BEIJING (Reuters) - A Chinese corruption suspect who was on the country’s list of 100 most wanted overseas fugitives has returned to China from the United States after giving himself up, the anti-graft watchdog said late on Saturday.
Zhang Yongguang, a former policeman in the southern Chinese city of Shenzhen, fled to the United States in 2010 and had been wanted on suspicion of taking bribes, according to the Central Commission for Discipline Inspection.
Zhang “returned to the country of his own accord and returned the dirty funds,” the commission said, without elaborating.
It was not immediately possible to reach Zhang, his family, or a legal representative for comment.
In April 2015, Chinese authorities published a list of 100 “most-wanted” suspects it believes to be hiding overseas, many living in the United States, Canada and Australia.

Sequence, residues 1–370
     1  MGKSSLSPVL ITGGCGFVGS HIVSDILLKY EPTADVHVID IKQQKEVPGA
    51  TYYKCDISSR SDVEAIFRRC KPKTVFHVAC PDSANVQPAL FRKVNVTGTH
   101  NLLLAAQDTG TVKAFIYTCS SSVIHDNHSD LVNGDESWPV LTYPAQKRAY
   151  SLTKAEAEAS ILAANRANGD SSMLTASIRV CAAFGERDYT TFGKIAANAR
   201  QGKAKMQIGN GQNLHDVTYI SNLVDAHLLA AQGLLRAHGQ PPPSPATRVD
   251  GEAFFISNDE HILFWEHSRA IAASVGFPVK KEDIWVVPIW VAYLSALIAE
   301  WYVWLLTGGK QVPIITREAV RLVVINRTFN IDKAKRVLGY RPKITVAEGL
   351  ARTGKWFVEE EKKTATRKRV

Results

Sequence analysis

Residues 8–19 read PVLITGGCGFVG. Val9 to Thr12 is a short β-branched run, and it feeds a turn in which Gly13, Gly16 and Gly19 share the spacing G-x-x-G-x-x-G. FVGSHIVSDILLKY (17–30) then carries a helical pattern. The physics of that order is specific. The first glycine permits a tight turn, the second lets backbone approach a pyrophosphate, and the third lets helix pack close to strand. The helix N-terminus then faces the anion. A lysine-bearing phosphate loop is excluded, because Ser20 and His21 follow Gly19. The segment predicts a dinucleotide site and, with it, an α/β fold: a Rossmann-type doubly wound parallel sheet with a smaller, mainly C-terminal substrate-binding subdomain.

Zhang is the 54th person on the list to have returned to China since the operation was launched, the commission said in a statement on its website.
“We will make persistent efforts in fighting against corruption and recovering stolen assets, leaving no room for corrupt fugitives to hide and no hope for those who want to flee,” it cited an unidentified official as saying.
Many Western countries, however, have been reluctant to help with China’s campaign, or to sign extradition treaties, unwilling to send people back to a country where rights groups say mistreatment of criminal suspects remains a problem.
They also complain China is often unwilling to provide proof of the crimes that would be acceptable to a Western court.
Reporting by Ben Blanchard; editing by Richard Pullin